It was slow going with all our sails seriously reefed (shortened/made as small as possible). But, we made it through the weather and things started to settle again. The winds stayed quite strong and the seas were now a more reasonable three to four meters (still big but they seemed quite good at the time!) The bad part was that we could not make any southwest progress at this point. We went well past the course line and counted on changing wind directions. After the storm, the wind died. It was a flat sea and dead calm. Barbara baked peanut butter cookies (we'd have to give up our peanut butter once in NZ so we thought we'd use it!). It was a beautiful sunny day so we hung out all our wet clothes to dry. We watched jelly fish of various varieties in the water and these amazing petrel birds that were incredible fliers – doing barrel rolls and riding the winds and waves. We drifted and kept getting quite far east of the line to Opua. Then we got a few degrees shift and could make some southward momentum. We still waited for the predicted wind never came.

The wind started to pick up again. Now we head south but we were now too far east of the line and at some point we would have to make some more westerly headway which meant right into the wind and seas.

The weather reports started again – this time a front approaching. Try to get in by Wednesday the weather gurus all said. But we were still far enough out with wind in the wrong direction to make that seem less and less likely. Astarte(and especiallly us) does not like to bang right into seas – and these were now a steep wave (1.5 meters) with very little room between them. It was slow going.

It is now Wednesday night, we won't make it in before the next front hits. The winds build again to 20 plus knots steady and gusts to 30. The seas build but nothing like before. We can't get west! So at about 8:20 pm (2020), we turn on the engine. We ride the waves pretty well and make some progress in the right direction – albeit slowly.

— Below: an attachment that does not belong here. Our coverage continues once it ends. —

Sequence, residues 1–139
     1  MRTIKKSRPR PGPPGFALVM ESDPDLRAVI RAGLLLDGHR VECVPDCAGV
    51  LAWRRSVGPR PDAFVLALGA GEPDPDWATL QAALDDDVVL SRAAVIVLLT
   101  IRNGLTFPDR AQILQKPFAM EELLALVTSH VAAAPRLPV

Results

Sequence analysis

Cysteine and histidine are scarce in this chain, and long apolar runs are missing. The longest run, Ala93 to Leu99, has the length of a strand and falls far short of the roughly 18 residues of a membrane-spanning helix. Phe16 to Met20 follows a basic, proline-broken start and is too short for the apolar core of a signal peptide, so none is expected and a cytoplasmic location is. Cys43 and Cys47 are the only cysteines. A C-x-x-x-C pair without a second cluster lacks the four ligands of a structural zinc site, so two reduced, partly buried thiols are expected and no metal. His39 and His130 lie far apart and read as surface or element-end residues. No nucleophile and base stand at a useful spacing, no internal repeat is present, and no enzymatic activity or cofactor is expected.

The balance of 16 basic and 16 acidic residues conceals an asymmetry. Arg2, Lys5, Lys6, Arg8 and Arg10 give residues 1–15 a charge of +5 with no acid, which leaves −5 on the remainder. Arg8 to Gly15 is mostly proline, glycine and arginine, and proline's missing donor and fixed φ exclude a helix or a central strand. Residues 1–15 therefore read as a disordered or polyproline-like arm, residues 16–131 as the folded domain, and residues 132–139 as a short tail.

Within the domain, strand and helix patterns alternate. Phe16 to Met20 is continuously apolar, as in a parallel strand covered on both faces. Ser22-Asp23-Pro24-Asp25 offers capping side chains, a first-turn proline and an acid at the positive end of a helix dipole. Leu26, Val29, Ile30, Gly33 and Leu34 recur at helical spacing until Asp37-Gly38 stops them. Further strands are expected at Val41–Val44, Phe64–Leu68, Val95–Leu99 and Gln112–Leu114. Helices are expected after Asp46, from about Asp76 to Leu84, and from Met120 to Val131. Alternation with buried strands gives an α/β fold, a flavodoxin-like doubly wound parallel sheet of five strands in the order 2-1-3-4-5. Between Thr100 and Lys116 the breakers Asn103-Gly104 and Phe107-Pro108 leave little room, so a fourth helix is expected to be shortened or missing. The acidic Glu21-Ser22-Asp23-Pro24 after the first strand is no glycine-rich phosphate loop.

Then, the boat does a 360 turn on its own under autopilot, The sails backfilll and Barbara, who's on watch, gets the boat off autopilot and grabs the wheel. Only the wheel doesn't react. In fact you can turn it totally around and around and around. The steering has broken. Great! "Michael, we have a problem." He comes up and indeed the steering does not work with the wheel. But luckily the autopilot can still steer the boat (it is connected directly to the quadrant). We will hope the autopilot which has also been hicupping a bit – will hold up. The equipment has all been under a lot of stress in the seas and wind.
We now have less than 50 miles to go – and land is in sight and daylight is coming. We make it into the bay where it is still very windy but much flatter in the protected water. We unload the lazarette and Michael fixes the steering – at least temporarily – to get us into the dock. Luckily the customs "Q" dock (quarantine) is a long dock and not many boats are on it. Our friends from Morning Cloud(and finishing a seven year circumnavigation) who arrived at midnight are there and offer to help us by grabbing lines. We have the emergency tiller ready in case we have to resort to that. And our anchor ready to drop as well.

Thursday, November 15 – 1:30 pm: We make it to the dock and tie up. We try to get the boat ready for the customs and biosecurity inspection. This is where lots of paperwork is filled out and certain food products/shells/artifacts etc. are removed from the boat. It all goes smoothly and we are left with more foodstuffs than we anticipated. They take our popcorn, honey, eggs, some mayo, dried beans, onions, garlic and we pass inspection. Then customs/immigration comes aboard for more paperwork...and we're stamped into the country. Now we must leave the Q dock and find a home. It is close to 4 pm and we contact the Opua Marina and get a spot. We need a rest.

We have arrived. The boat has some broken bits but we are not hurt and the boat still floats. As we talk to others – we feel lucky. Many had ripped sails, broken port holes, torn canvas and lots of water aboard. Some folks were also hurt with head injuries, back injuries and even a broken hip. So in the end we feel lucky. We are still together and have another checkmark on the bucket list. But this one was hard-earned.